Program Highlights

Universality of Voltage-Controlled Boundary Magnetization

Christian Binek and Peter A. Dowben
Nebraska MRSEC

Roughness insensitive boundary magnetization is a new concept discovered by Nebraska MRSEC researchers. It is a unique feature of magnetoelectric antiferromagnets, i.e. materials in which the application of electric field induces a net magnetic moment. An important property of the boundary magnetization is that it can be switched between two states by applying an electrical voltage. This property can be used in nanoelectronic devices, such as low power magnetic random access memories and spin-based field effect transistors. Although the boundary magnetization is predicted to be a generic property of any magnetoelectric antiferromagnet, its experimental evidence is scarce and has only been provided for the Cr2O3 surface. To bring the concept of voltage-controlled boundary magnetization into a broader context, Nebraska MRSEC researchers explored magnetoelectric Fe2TeO6 and showed the evidence of surface magnetization that can be controlled by applied voltage. They fabricated this oxide material for the first time as highly textured thin films using pulsed laser deposition methodology. X-ray magnetic circular dichroism – photoemission electron microscopy (XMCD-PEEM) confirmed that am antiferromagnetic multi-domain state can be brought into an antiferromagnetic single domain state with voltage-controlled boundary magnetization. The finding establishes magnetoelectric antiferromagnets as a broader class of materials with significant implications for voltage-controlled spintronics.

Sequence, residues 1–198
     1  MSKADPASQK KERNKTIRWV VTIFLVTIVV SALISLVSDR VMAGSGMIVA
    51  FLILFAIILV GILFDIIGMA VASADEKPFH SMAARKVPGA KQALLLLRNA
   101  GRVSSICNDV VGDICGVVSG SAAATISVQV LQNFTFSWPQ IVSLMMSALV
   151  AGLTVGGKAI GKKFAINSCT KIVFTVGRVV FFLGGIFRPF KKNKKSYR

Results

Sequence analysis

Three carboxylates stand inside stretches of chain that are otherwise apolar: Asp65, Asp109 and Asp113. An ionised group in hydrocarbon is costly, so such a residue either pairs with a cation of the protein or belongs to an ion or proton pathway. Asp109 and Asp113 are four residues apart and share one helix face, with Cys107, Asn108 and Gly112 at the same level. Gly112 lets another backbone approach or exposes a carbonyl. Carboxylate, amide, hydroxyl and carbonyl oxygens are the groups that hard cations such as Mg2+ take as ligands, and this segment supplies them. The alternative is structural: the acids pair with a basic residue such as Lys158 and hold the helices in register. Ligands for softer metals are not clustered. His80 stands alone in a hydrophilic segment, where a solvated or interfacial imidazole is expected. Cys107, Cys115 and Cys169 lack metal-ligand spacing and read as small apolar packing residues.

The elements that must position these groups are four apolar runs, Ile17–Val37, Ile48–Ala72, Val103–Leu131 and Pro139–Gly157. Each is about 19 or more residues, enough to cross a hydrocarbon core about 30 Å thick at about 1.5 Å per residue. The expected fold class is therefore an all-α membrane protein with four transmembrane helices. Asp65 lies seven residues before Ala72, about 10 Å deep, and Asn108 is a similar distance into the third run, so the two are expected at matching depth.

These programs are supported by the National Science Foundation, Division of Materials Research, Materials Research Science and Engineering Program, Grant 0820521.


         nugget IRG2

Atomic and spin structure of the magnetoelectric antiferromagnet Fe2TeO6 (left) and XMCD-PEEM image of antiferromagnetic Fe2TeO6 in an multidomain state (top) and a single-domain state (bottom), showing that local boundary magnetization can be controlled by voltage.  

Highlight Info

Date: March 2014
Research Area:
IRG2: Magnetoelectric Interfaces and Spin Transport